Family Law

Family Law focuses on issues involving family relationships. Our practice pertains to the following, among others.

The Hindu Marriage Act, 1955 

The Act came into force on May 18th, 1955. The Act intends to secure the rights of marriage for the bride and groom who are Hindu and are bound under the sacred bond of marriage under any ceremony. The law does not define any specific ceremony which is to be undertaken for marriage as there are several ways a man and a woman may carry out this religious act. The Act is applicable to any person who is Hindu, Jain, Sikh and Buddhists and is not a Muslim, Christian, Parsi or Jew and is governed by some other law. (Act available in PDF here)

 Indian Succession Act, 1925

The Act came into force on September 30th, 1925 and is applicable to the persons of various religions. It broadly deals with broadly deals with two categories of succession, viz. testamentary succession and intestate succession. In a case where there is a written ‘Will’, testamentary succession is applicable. On the other hand, when there is no will and the properties of the deceased need to be distributed as per the religious laws, intestate succession is applicable.

 Hindu Succession Act, 1956

The Act came into force on June 17th, 1956. It provides for the law relating to intestate or unwilled succession, among Hindus, Buddhists, Jains, and Sikhs and lays down a uniform and comprehensive system of inheritance and succession into one Act.

 The Hindu Adoption and Maintenance Act, 1956 

The Act came into force on December 21st, 1956 and deals with the legal procedure of adoption of children by Hindu and other legal obligations that follow, including maintenance of children, wife, and in-laws. (Act available in PDF here)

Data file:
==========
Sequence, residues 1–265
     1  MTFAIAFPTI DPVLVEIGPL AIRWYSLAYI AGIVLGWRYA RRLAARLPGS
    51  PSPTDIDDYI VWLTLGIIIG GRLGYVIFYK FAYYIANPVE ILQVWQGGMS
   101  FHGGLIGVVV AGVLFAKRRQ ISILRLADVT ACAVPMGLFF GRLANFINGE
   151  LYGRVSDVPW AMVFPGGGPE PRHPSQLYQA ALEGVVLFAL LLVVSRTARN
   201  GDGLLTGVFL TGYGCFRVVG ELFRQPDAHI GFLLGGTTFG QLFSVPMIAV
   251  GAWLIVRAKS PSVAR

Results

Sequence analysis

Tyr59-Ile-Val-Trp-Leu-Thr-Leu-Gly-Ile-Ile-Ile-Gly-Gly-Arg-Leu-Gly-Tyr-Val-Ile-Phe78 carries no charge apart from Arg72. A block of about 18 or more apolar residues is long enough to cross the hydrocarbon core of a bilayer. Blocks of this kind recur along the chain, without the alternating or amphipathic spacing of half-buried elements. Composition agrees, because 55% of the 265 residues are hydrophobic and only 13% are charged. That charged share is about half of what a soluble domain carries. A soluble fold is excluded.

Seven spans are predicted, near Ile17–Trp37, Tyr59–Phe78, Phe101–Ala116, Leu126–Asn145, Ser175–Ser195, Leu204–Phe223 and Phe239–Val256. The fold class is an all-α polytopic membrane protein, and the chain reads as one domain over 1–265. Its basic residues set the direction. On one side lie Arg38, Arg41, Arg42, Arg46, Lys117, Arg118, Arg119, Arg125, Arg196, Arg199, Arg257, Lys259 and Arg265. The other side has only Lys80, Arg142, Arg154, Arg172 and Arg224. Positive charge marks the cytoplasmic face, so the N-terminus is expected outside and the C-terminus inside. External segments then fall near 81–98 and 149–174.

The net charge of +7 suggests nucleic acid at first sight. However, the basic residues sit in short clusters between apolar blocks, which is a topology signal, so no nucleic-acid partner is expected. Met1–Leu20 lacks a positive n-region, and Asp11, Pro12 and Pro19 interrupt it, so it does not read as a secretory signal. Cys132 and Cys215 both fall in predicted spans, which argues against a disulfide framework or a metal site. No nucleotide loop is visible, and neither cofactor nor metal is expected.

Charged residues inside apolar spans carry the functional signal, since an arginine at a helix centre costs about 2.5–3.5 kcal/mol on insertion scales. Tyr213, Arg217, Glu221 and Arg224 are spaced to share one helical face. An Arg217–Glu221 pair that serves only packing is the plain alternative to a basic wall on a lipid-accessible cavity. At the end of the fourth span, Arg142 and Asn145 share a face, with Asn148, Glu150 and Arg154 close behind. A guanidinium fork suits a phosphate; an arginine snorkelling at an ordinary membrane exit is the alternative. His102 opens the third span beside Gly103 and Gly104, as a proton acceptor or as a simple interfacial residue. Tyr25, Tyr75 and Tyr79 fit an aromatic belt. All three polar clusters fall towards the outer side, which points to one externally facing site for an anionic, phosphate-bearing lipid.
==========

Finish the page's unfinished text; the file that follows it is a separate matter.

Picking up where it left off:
The Domestic Violence Act, 2005 

The Act came into force on September 13th, 2005 and provides for effective protection of the rights of women guaranteed under the Constitution who are victims of violence of any kind occurring within the family and for matters connected therewith or incidental thereto. (Act available in PDF here)

Petitions under Section 125 of the Code of Criminal Procedure, 1973 

Section 125 of the Criminal Procedure Code provides for the maintenance to the wife, child, and parents. The court after the party has invoked Section 125 of the Code, may order the husband, to maintain the wife who is unable to maintain herself by providing monthly maintenance to her. (Act available in PDF here)


Rights of Divorced Female in Property

The inforgaphic provides a birds-eye view of rights of divorced females in  property in different scenarios – In case divorced husband dies intestate; Property owned by her ‘child’;  Share in Coparcenary Property (ancestral property owned by husband’s HUF including property owned by in-laws); Property owned by the ‘husband’ in his own name; and Property of the wife in her absolute ownership; as given under various sections of the Hindu Succession Act, 1956. (Read More).